This could perhaps explain why there was a merger in the sector last year when Bharti Airtel acquired the operations of Warid telecom Uganda as earlier price wars in the sector, though managed to attract subscribers did not translate into better bottom lines.
However, the report notes, the telecom industry has witnessed a growth in the gross turnover. In the 12 months ended December 2012, the industry realized gross revenues of approximately Ush1.9trillion compared to Ush1.6triliion for the year ending December 2011. This translated into a year on year growth rate of 18.5% compared to 15.3% growth realized in 2011.
This revenue growth was mainly a result of non-voice revenue streams like Mobile financial services, infrastructure leasing and data services.
However, this industry revenue growth has occurred within the context of the Uganda Shilling currency devaluation vis-à-vis the US dollar. This devaluation of the Uganda shilling presents operational and continuity challenges to Ugandan telecommunications operators since some of their operational and continuity capital expenditure including financing costs are denominated in US dollars.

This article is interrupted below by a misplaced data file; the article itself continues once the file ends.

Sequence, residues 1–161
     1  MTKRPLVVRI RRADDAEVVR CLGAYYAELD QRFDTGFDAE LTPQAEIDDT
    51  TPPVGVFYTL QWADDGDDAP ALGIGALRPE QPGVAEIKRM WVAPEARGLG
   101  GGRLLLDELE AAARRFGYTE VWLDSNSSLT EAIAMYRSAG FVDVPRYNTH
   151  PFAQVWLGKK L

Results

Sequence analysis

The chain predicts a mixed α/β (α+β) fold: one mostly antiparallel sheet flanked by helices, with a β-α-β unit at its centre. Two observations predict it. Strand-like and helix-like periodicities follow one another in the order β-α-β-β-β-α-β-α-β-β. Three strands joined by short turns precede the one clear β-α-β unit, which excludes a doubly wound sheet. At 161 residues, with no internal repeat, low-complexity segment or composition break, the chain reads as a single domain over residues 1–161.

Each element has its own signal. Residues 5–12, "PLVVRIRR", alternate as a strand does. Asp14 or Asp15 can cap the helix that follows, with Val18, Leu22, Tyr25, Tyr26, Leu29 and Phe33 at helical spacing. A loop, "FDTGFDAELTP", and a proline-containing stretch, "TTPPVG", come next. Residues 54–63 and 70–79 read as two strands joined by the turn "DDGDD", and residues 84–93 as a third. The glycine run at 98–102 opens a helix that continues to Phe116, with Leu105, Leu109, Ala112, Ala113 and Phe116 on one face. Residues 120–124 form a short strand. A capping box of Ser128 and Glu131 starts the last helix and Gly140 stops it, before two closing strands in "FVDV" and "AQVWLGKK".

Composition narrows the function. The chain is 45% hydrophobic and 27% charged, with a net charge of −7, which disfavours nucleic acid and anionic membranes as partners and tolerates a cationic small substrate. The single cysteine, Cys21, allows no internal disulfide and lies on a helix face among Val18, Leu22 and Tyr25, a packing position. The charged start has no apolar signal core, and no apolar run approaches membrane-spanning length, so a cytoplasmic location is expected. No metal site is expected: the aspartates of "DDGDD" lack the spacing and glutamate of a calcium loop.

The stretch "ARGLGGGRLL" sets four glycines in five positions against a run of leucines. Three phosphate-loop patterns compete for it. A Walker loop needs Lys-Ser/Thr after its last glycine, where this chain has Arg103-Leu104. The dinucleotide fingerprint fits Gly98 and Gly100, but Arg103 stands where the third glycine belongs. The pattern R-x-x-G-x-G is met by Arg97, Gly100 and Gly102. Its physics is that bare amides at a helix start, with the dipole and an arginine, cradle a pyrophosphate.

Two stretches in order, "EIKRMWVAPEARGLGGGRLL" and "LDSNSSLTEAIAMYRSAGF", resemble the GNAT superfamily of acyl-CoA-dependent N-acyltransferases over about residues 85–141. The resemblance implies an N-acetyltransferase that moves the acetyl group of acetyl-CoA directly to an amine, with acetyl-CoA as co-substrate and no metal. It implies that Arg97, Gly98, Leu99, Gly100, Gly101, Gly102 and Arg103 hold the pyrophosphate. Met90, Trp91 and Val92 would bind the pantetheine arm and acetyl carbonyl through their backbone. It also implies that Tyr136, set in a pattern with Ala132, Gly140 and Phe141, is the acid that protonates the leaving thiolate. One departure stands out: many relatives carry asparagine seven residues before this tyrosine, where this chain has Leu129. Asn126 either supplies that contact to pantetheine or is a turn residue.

A recent survey by Business Monitor International (BMI) maintains that Uganda’s market opportunities lie predominantly in the mobile sector where subscription penetration is below 50% despite strong competition.
According to the report the main barrier to growth is that Uganda remains one of a handful of countries with a mobile penetration rate of less than 50% as of June 2013. This is mainly because of poor network coverage in rural areas where the majority of the residents live.
“Although this development would have spurred investment in rural areas, BMI notes operators are increasingly deploying high-value services, including 4G LTE, in urban areas to sustain revenue growth. We expect this trend to continue until a strong business case for rural roll – out is established, particularly in the form of cost efficiency and sustainable revenue growth,” reads the report in part.
The report notes that Uganda continues to outperform many of its peers in the country risks category, which reflects a positive real private consumption growth outlook during the five-year forecast period to 2017.